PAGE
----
The proposal is important as it will allow the department to assess your aptitude for doctoral-level research, to allocate supervision appropriately, and to ensure we are fully able to support the study you propose. Although you are required formally to submit the proposal with your application for doctoral study, it is a document you may wish to develop in discussion with a member of staff in the Department of Geography.
The proposal should be no more than 2,000 words in length (excluding the bibliography) and include the following sections:
At this stage, a working title that summarises the proposed focus is more than adequate.
Introduction and Rationale
The introduction should, in a succinct way, provide an overview of, and rationale for, the proposed project. You should explain the project’s focus, its broad aims, the key academic issues or debates it addresses, and how it will make an original contribution to geographical knowledge. In simple terms, explain why this project matters, why you are the right person to undertake it, and why the Department of Geography is the most appropriate place to be based.
Any proposed project should make clear how it relates to existing research (and to creative practice, if a practice-based PhD project) on the topic (or related topics). In this section, you should summarise the current state of scholarship on your topic and explain the ways in which your project will draw from, and build on, that work. In this part of the proposal, you are demonstrating your knowledge of the field and the ways in which your project will add meaningfully to it.
Research Aims and Questions
As succinctly as possible, explain the intellectual and/or scientific questions your proposed project will answer. What does your research seek to show or to explain? What is its ultimate aim? Try to be as specific, here, as possible. This section will allow your proposed supervisor to determine the appropriateness and feasibility of your project and whether or not you would be able to achieve your aims in the scope of a PhD thesis.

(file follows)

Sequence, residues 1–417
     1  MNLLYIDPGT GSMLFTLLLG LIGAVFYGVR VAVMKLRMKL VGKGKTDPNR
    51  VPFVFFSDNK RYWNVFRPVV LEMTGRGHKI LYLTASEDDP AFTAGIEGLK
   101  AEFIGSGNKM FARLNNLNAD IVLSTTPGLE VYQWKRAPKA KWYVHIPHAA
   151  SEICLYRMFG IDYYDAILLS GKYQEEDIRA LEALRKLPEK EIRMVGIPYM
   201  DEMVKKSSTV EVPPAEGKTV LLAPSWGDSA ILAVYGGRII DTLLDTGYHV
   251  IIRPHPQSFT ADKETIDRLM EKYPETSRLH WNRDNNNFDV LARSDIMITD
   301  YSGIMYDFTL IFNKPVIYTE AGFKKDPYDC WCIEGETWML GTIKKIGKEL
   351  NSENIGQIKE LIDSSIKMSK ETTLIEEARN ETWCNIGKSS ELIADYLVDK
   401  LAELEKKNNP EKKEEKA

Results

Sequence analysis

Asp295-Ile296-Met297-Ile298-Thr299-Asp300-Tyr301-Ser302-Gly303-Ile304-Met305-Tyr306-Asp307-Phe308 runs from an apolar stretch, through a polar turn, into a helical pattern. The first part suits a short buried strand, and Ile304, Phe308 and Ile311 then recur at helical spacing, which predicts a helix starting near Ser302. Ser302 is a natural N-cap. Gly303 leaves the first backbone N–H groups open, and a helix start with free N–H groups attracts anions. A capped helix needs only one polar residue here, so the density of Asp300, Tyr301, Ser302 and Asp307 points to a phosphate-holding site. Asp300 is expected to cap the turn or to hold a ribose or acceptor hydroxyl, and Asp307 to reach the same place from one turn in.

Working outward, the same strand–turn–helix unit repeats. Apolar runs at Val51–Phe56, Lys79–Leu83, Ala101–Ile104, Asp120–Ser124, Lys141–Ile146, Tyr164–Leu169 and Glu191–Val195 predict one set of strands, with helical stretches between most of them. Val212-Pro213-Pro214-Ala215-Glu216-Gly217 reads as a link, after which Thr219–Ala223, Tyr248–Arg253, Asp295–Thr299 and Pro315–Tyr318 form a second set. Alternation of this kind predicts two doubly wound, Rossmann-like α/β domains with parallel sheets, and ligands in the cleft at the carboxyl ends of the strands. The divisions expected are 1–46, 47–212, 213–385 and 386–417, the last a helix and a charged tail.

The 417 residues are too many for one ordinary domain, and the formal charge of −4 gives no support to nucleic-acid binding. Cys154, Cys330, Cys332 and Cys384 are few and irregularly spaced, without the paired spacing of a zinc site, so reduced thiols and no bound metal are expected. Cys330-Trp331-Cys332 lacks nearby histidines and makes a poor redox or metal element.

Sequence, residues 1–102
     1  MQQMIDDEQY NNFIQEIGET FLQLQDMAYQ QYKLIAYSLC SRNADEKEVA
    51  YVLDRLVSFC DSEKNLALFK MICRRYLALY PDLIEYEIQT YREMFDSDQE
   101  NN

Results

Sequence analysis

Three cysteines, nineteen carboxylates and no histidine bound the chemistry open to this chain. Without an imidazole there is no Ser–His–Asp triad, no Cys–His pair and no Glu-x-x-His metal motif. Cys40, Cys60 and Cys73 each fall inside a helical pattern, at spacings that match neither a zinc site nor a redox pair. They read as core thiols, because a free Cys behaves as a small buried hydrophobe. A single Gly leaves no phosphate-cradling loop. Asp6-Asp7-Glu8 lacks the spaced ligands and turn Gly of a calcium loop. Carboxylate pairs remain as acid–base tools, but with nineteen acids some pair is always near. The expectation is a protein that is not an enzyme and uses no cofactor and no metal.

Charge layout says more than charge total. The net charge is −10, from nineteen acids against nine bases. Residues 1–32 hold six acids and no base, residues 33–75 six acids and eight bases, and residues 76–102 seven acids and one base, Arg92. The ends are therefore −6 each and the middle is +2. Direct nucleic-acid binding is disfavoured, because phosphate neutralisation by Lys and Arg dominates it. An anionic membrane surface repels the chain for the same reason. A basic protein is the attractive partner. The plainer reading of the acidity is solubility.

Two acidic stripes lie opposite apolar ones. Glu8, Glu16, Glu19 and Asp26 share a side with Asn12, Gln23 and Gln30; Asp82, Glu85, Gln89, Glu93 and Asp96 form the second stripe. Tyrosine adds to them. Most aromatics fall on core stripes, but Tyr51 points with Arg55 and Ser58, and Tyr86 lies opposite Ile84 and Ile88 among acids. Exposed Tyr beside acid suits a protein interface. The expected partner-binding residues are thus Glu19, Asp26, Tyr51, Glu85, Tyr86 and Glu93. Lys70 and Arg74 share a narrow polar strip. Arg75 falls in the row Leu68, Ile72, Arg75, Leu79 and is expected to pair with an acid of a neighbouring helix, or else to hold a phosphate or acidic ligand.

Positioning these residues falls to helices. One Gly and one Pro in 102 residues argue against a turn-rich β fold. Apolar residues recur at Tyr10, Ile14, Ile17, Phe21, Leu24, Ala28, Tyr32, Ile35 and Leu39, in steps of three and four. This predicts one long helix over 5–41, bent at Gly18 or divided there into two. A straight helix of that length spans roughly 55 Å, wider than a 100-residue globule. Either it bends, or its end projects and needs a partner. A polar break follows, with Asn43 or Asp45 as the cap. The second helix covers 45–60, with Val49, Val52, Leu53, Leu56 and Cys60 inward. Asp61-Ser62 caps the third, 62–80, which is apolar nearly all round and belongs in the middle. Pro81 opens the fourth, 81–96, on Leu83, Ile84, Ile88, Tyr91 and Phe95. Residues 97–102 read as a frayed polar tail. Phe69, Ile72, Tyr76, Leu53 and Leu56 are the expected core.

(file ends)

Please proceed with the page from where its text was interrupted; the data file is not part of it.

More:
Sources and Methodology
In this section you should detail the sources of data (qualitative and/or quantitative) that you will require in order to answer your project’s research questions and the specific methods you intend to apply in order to collect or generate those data. You should offer a clear explanation for your selection of investigative techniques. Why one method rather than another? If your work is practice based or led you should use this section to detail your practice and how you intend to pursue it in relation to your research questions.
This section should also offer an account of your analytical strategy. How, specifically, will you make sense of your data/creative practice? Will you require any specialist hardware or software to complete that analysis? Will your project involve fieldwork? If so, to where? How will that fieldwork be financed and supported? Will the project involve laboratory work? If so, are specific equipment and resources required?
Here, too, you should reflect on the ethical implications of your proposed topic. Which ethical issues are raised by your project? How do you intend to address them?
List here, using any common citation system, the sources referred to in the proposal.
For further information concerning applications for postgraduate research in the department, please contact Dr Innes M. Keighren, Director of Graduate Studies (Admissions and Recruitment).